For I will weather the storm
I was waiting for the F train a couple of days ago. When I got on, I eyeballed the car looking for that elusive morning commute seat. I saw a disheveled redheaded man in his late 40s with an empty seat next to him. He saw me look at it and him. He narrowed his eyes and shifted slightly in a way that I recognized as psychic projection of DON'TSSITHERE DON'TSITHERE DON'TSITHERE. Tough. I made my way over, gave the loud "Excuse me" and settled into the corner seat. He smelled strange, a mixture of cigarettes, old newspapers and mints. After a couple of minutes of slightly embittered fidgeting, he put his hand in his expensive looking leather bag and slowly pulled out a plastic wrapped comic book. He handled it carefully but made sure to keep himself compact, his reading hands spaced just so, so that the pages were barely open. This way no one could look over his shoulder and see anything other than the words FLASH! and POW! I had to look. I couldn't help it. I'm a voyeur.
A little later a couple got on and came and stood over the man. The girl had great tousled 60s sex kitten hair and large sunglasses. Her large leather purse swung haphazardly as she draped herself over her stylish counterpart. Red headed comic guy tensed again. This time I felt his pain. The bag kept swinging closer and closer to his face and his comic book. I waited to see if he'd snap. He didn't but his mind was clearly at work. Trying to keep himself together. I closed my eyes and imagined him in the middle of the sea in a tiny rowboat with his comics, some ham sandwiches and maybe a Victrola. It would be playing this song.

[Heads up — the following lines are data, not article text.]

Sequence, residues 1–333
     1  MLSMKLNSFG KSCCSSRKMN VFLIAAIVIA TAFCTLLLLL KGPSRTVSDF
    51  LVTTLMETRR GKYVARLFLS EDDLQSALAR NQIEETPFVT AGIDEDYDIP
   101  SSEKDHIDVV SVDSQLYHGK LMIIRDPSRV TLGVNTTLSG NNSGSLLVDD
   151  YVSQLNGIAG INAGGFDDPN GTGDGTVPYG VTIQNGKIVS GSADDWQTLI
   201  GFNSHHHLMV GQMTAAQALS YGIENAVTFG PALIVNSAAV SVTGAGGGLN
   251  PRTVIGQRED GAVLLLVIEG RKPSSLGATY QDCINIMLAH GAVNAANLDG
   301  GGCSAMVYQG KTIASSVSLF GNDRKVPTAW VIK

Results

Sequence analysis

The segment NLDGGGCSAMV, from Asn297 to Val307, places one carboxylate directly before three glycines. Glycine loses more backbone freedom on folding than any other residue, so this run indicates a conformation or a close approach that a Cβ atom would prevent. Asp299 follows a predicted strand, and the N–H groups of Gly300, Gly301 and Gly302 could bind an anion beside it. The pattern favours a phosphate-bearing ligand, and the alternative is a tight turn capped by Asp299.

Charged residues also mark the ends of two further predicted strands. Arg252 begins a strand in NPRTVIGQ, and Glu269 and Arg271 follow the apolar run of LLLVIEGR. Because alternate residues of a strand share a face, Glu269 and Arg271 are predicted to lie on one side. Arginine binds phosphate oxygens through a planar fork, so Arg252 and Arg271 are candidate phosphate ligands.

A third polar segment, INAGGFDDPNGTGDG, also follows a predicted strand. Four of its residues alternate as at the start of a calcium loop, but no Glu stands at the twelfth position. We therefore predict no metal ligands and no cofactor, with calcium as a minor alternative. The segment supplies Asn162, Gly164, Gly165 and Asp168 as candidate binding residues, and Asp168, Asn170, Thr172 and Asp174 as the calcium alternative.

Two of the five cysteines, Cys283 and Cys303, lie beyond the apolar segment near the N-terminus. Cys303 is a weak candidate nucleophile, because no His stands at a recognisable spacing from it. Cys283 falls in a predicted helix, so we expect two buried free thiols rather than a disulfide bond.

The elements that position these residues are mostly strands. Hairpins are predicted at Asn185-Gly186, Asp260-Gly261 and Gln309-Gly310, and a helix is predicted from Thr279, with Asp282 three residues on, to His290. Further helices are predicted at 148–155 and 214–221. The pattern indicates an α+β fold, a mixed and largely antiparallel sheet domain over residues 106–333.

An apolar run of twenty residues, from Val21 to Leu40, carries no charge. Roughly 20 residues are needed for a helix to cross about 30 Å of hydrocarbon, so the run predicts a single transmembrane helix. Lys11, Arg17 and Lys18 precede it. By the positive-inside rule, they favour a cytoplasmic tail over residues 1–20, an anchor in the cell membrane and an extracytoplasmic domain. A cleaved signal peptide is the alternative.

Deep Water/Portishead (mp3)
Back in the day, I was quite the Portishead fan. Dummy was certainly the soundtrack to some turbulent emotional times and who could ask for better background music than Beth Gibbons splintered warble and some well placed wickety wickety scratching. It was James Bond music for people whose sole dangerous mission was to get through their week. It made day to day drudgery profound and thrilling. Romantic disappointment quivering and grand. Nobody loves me? No one but you? Great, because it sounds fabulous and L-U-S-H and therefore has MEANING. Eh, I was young. Anywho, I haven't given Third enough of a thorough listen to deem it as powerful, it isn't First so how could it possibly compare? It's a harder edged beast, less atmospherics, more confrontational. Deep Water sticks out from the other tracks by virtue of its very otherness. Like the metaphoric scenario it presents, the song sounds utterly alone, adrift in the middle of the ocean. Gibbons sings quietly to soothe herself from the terrors and is joined on the chorus by disembodied male voices that repeat her lines. Are they mocking her? Or reassuring her? I can't help but feel, despite the fragility of this brief little tune, that there is hope on the horizon. Another boat? A waiting friend? Or perhaps, at long last, land.
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